Photography for Banners

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This topic contains 7 replies, has 4 voices, and was last updated by Profile photo of James Staddon James Staddon 6 days, 5 hours ago.

Viewing 8 posts - 1 through 8 (of 8 total)
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  • #24416
    Profile photo of Melanie Thomsen
    Melanie Thomsen
    Participant

    Good morning!

    I realize I’m a bit late for tomorrow’s webinar, but I’ll put this in just in case or for a future time! πŸ™‚

    Would you have any advice on taking and exporting pictures for banners? Our family business is interested in the possibility of doing a full size banner (floor to top of divider) across the back of our booth at homeschool conventions. I’ve not done something like this before and welcome any suggestions! πŸ™‚ Hope to take the pictures before the summer green disappears!

    Excited to be back PRO!
    Melanie

    #24428
    Profile photo of David Frazer
    David Frazer
    Participant

    Hello!

    I have never done super-large format printing before, but one thing I would immediately think of is how many dots per inch (dpi) your printing company does. My guess is probably 150 dpi. That means that an 8-foot tall banner would need a file that is 14,400 pixels tall! Of course, the banner may not go down to the floor, so maybe you don’t need it to be that big, but definitely make sure you are shooting at full resolution, or if you can, stitch a panorama for even greater resolution. (To give you an idea, the 18 megapixel Canon 7D’s files are 5,184 pixels wide by 3,456 pixels tall. That would be 36 dpi. The 50.6 MP 5DS has a resolution of 8688 x 5792, so just going out to buy a camera with more megapixels isn’t the answer… πŸ™‚ )

    I too am interested in seeing if anyone else has more suggestions, and whether anyone on these forums has done such large format printing before.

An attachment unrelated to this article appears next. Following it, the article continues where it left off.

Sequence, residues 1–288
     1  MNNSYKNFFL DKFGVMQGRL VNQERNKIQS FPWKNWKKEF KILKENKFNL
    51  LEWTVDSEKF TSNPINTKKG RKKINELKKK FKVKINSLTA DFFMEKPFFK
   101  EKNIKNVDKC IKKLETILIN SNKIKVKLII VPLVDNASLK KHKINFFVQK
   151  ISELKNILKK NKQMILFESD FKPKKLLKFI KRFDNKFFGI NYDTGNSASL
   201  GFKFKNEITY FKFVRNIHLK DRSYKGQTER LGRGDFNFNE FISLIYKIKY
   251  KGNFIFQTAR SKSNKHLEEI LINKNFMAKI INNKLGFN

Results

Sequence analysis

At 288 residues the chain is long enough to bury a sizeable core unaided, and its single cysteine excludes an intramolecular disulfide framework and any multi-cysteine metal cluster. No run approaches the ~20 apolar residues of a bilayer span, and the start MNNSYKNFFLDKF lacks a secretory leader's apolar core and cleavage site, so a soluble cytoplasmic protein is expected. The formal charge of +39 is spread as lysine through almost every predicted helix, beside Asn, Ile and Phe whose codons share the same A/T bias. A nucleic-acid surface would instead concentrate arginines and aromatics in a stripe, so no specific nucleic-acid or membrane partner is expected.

#24439
    Profile photo of buddingphotographer
    Ezra Morley
    Participant

    Print resolution has everything to do with viewing distance. The further away the banner is, the lower resolution your print can be, and no one will be the wiser.

    You can read all the gory details here: https://graphicdesign.stackexchange.com/q/487

    Here’s the summary:

    
    Distance              Present Study  
    20 feet / 6 meters    greater than 10 LPI    
    18 feet / 5.5 m       18.75 LPI or greater   
    16 feet / 4.9 m       18.75 LPI or greater   
    14 feet / 4.3 m       37.5 LPI or greater    
    12 feet / 3.7 m       37.5 LPI or greater    
    10 feet / 3 meters    50 LPI or greater  
    8 feet  / 2.4 m       65 LPI or greater  
    6 feet  / 1.8 m       85 LPI or greater  
    4 feet  / 1.2 m      100 LPI or greater  
    2 feet  / 0.6 m      133 LPI or greater  
    1 foot  / 0.3 m      150 LPI or greater  
    6 inches / 15 cm     150 LPI or greater
    

    Billboard printers must know that, how do you think they print photos on billboards without them looking “pixelated”?
    EDIT:Looks like most billboards are printed at anywhere from 9-30 dpi. πŸ™‚

    Looks like anywhere from 120-75 dpi will work with a viewing distance of 10-14 feet. (Double the LPI to get the needed DPI.) Of course, whoever prints your banner for you will likely be able to tell you what resolutions they need to be able to print a certain size of graphic.